The world is facing a nutrition crisis, with malnutrition responsible for a large proportion of premature death and disease. Poor diets now underlie over 11 million deaths annually and are the leading risk factor for death. Cancer, cardiovascular disease, diabetes, and other noncommunicable diseases (NCDs) killed more than eight million people before their sixtieth birthdays in low and middle-income countries in 2013 alone. Furthermore, stunting and wasting continue to be a major cause of death and disability in many low- and middle-income countries, creating a double burden of malnutrition. All of these conditions are highly influenced by diet and could be addressed by a healthy food system. The global economic impact from obesity is roughly $2.0 trillion, or 2.8 percent of global GDP, roughly equivalent to the global impact from smoking or armed violence, war, and terrorism. Rates of prevalence are rising far faster in developing economies. Premature illness and disability from diet-related NCDs impoverish families, hurt productivity and bankrupt health systems. Something transformative needs to be done.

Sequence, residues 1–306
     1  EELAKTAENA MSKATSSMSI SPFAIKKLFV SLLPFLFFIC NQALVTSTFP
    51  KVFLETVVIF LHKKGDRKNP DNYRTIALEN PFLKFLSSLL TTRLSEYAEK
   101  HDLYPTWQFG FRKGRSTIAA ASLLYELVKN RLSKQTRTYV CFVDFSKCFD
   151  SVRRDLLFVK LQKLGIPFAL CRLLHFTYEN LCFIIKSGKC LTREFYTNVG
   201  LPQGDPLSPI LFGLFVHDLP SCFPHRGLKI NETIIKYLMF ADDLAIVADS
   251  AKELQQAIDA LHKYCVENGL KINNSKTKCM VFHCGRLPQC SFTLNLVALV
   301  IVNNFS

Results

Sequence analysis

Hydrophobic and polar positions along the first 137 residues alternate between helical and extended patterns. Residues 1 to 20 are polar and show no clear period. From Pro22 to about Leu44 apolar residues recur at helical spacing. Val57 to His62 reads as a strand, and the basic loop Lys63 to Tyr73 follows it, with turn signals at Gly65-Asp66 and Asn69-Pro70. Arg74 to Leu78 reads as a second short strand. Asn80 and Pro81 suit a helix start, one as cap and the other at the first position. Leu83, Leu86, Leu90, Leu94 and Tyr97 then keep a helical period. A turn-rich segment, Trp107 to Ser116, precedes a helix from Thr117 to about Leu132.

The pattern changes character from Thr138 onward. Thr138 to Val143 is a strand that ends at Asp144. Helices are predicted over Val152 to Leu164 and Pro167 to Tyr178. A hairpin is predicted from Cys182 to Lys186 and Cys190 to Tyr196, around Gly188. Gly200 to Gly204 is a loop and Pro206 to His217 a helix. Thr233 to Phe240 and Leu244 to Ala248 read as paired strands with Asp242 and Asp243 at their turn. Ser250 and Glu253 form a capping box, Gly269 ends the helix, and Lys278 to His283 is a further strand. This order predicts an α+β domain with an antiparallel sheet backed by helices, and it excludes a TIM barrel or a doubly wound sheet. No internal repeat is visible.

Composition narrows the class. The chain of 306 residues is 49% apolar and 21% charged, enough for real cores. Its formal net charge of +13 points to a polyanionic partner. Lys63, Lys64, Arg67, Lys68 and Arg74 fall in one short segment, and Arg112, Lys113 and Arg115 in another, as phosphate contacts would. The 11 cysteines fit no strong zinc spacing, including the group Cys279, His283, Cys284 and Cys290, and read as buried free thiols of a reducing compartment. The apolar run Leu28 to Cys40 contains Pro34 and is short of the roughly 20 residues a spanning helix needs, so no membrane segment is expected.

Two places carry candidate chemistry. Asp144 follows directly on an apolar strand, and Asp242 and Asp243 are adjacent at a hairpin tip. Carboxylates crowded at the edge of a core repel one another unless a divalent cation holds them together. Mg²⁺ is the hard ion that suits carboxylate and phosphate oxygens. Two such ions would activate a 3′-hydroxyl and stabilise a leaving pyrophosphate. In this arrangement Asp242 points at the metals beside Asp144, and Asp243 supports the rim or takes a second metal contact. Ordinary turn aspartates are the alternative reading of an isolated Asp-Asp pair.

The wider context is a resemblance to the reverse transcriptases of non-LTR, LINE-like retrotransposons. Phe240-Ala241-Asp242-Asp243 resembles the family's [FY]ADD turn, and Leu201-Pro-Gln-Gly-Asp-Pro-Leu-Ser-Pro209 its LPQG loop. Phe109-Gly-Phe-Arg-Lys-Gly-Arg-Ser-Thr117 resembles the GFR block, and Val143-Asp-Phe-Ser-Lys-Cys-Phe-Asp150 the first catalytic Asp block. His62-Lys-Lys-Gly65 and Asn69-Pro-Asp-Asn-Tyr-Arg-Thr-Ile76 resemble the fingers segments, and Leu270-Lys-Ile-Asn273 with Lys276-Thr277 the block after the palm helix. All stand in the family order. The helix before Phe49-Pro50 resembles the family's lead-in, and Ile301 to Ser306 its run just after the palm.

|Title of host publication||Children's Rights and Sustainable Development : Interpreting the UNCRC for Future Generations|
|Place of Publication||Cambridge|
|Publisher||Cambridge University Press|
|Publication status||Published - 2019|
Reisch, L. A., & Gwozdz, W. (2019). Healthy Diet as a Global Sustainable Development Issue: Reasons, Relationships and a Recommendation. In C. Fenton-Glynn (Ed.), Children's Rights and Sustainable Development: Interpreting the UNCRC for Future Generations (pp. 361-384). Cambridge: Cambridge University Press. https://doi.org/10.1017/9781108140348.016